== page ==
I’ve not been looking forward to today. It’s a long 11½ miles on the map from the start of the built up area of Milton Keynes to the other end. But actually we were very surprised. There’s very little to intrude on the green corridor of the canal, just spots where the original villages, now absorbed into the whole, used the canal. The sections in between, although appearing urban on the map, are almost rural. The only indication that you’re running through the town is the occasional factory noise on the other side of the high hedgerow, and the new concrete bridges thrown across the navigation.
But I’m getting ahead of myself. Off at 10:00 this fine bright morning, and we arrived at Stoke Hammond Lock about 15 minutes later. Another very picture postcard setting, with manicured lawns and colourful planting.
I keep a record of hours run on the engine and the heating boiler, and reckon that we use about 1 litre an hour on each. My totals since the last fill, way back in Abingdon on the Thames, showed 155 hours, and the tank is, I believe, about 180 litres. Time for some of the red stuff! Sue on No Problem keeps a list of suppliers that allow self declaration of usage splits, and Willowbridge Marina, on the outskirts of Bletchley, is on it. So that was our priority.
Arriving at the marina, we pulled onto the towpath on the opposite side, to watch something you don’t see every day.
Narrowboat being craned out for hull blacking. Up she goes….
And safely on the bank.
The operation and subsequent tank fill took around an hour, so it was getting on for lunchtime by the time we arrived at Fenny Stratford.
The lock is a short distance on, and only drops the level by 13”. It’s also got a swing bridge across the chamber that has to be moved before using the lock.
Fenny Stratford Lock
This is the last lock on the down slope from the Chilterns, and indeed the last for 11 miles. The next is at Cosgrove, and we’ll reverse the operation, going back uphill to Blisworth Hill before diving through the hill in Blisworth Tunnel.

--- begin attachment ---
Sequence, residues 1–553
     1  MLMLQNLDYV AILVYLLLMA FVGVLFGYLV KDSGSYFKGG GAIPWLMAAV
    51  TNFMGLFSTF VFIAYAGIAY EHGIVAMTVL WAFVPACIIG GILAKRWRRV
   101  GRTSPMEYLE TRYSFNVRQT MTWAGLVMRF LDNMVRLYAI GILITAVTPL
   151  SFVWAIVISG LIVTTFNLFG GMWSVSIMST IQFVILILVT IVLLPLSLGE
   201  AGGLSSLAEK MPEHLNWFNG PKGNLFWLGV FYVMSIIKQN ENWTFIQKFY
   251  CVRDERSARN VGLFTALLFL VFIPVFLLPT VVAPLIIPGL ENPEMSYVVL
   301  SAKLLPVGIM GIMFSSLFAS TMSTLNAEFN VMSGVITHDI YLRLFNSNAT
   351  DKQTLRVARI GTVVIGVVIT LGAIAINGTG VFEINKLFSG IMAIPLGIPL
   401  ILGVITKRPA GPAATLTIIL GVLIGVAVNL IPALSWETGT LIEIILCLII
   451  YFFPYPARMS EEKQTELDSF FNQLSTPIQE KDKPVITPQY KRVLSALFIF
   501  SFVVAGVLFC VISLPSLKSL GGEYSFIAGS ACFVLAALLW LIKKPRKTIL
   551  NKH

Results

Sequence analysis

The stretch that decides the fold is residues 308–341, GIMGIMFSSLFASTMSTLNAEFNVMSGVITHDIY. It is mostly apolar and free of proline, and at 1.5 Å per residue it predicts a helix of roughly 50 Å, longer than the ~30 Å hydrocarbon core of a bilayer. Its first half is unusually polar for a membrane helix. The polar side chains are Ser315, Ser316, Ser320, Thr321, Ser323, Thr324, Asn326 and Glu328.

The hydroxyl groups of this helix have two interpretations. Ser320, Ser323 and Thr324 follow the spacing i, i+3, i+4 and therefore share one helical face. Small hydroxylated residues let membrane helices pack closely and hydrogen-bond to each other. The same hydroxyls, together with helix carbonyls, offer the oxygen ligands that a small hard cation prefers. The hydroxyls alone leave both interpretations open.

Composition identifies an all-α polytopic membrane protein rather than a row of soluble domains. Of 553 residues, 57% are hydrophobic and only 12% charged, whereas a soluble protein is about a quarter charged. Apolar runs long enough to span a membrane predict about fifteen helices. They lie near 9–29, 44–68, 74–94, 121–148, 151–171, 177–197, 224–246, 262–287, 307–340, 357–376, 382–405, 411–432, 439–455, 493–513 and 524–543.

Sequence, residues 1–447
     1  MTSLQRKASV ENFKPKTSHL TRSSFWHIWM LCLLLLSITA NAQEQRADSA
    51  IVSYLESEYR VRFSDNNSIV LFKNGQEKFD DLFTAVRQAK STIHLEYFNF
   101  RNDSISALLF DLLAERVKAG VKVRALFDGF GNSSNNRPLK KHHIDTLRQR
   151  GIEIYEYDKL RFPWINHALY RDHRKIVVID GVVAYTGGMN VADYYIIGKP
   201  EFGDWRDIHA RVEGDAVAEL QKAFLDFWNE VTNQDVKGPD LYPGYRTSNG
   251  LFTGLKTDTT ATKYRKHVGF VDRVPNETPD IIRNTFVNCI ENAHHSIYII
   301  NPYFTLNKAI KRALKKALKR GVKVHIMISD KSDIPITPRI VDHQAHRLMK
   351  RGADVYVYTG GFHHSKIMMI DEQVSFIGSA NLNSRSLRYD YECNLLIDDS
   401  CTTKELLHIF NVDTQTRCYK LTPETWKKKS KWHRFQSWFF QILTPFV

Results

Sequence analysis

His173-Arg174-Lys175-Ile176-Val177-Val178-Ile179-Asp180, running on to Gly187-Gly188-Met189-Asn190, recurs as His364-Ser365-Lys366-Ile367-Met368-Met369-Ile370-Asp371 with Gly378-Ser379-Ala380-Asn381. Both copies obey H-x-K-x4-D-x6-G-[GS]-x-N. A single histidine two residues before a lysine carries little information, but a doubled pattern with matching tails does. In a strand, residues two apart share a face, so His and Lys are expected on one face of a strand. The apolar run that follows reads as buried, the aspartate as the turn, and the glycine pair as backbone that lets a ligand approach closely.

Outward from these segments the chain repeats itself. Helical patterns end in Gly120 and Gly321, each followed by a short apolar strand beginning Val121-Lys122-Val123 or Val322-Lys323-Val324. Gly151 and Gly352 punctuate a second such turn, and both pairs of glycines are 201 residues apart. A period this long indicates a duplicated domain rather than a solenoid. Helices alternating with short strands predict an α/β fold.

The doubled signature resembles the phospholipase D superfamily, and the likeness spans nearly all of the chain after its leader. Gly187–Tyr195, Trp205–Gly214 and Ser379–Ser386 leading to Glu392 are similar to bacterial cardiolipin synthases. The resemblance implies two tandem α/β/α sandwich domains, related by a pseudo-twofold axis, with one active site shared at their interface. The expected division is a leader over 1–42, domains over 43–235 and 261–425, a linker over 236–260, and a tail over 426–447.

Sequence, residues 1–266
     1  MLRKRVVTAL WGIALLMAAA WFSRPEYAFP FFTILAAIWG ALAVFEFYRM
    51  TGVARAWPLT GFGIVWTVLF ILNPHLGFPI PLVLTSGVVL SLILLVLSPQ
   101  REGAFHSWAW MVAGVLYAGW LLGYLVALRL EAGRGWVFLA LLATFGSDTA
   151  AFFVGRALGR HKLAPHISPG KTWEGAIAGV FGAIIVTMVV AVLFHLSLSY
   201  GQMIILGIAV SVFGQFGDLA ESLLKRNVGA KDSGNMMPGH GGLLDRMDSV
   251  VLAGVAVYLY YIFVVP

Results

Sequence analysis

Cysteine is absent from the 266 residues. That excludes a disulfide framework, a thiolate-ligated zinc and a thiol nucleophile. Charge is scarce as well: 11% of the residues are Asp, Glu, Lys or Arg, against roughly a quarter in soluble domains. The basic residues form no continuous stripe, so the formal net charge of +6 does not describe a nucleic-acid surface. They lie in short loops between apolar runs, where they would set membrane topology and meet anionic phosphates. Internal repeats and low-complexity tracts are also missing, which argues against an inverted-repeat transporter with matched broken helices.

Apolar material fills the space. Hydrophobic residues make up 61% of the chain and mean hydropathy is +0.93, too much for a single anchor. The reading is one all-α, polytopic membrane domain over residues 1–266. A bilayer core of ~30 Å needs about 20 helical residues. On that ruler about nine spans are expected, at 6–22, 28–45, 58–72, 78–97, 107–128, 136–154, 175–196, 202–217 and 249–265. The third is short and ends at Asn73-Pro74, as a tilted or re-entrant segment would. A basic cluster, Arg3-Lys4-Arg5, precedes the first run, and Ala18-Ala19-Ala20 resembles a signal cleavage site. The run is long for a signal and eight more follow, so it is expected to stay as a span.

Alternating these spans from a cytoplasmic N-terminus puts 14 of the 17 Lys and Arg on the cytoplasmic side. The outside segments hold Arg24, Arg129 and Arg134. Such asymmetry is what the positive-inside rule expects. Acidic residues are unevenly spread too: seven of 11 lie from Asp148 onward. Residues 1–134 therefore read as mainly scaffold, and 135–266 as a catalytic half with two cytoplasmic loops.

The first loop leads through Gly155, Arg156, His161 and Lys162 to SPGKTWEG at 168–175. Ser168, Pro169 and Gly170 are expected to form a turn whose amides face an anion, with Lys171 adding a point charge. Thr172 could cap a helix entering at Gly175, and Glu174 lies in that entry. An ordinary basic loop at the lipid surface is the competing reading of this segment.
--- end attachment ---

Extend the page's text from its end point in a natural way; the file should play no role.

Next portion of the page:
I was saying about cruising through Milton Keynes, and here is why.
Wooded sections between the old villages.
New concrete road bridges remind you of where you are.
Even the ubiquitous housing developments are mainly set back from the canal, maintaining the green corridor.
The new Bedford and Milton Keynes Waterway is planned to join the Grand Union just north of bridge 82A.
Maybe somewhere around here?
This will enable broad beam boats to navigate to the Fens from the main network. The only access at the moment is the Northampton Arm to the River Nene from Gayton, and the 17 locks here were built to narrow beam standard.
We pulled over at the BW services at Giffard Park, so we’re in good shape now, everything filled and emptied as required.
We pulled over about 1½ miles further on, near the Wildfowl Centre at Linford Lakes. It’s not as far as we’d liked, but it seems to have been a long day. It’s a nice spot anyway, looking down towards the lakes and the ruined church at Little Stanton.
From the mooring.
Another thing you don’t see every day…. Mags on the tiller, taken by me in the bows! She’d sent me below to make a brew.
And a heron trying to cool down….
We were just coming in to moor when I saw a commotion in the water ahead. A spaniel was in the canal, chasing a mallard and her young family. She was clever enough to make enough noise to keep the dog’s interest, so the brood made good their escape. Then she took off, quaking loudly and returned to her offspring. It sounded an awful lot like she was laughing… but ducks don’t have a sense of humour, do they?
There would only be one winner, the one that can fly!
The owner of the dog was screaming at it from the bank, but it was having far too much fun to take any notice.
Locks 2, miles 10½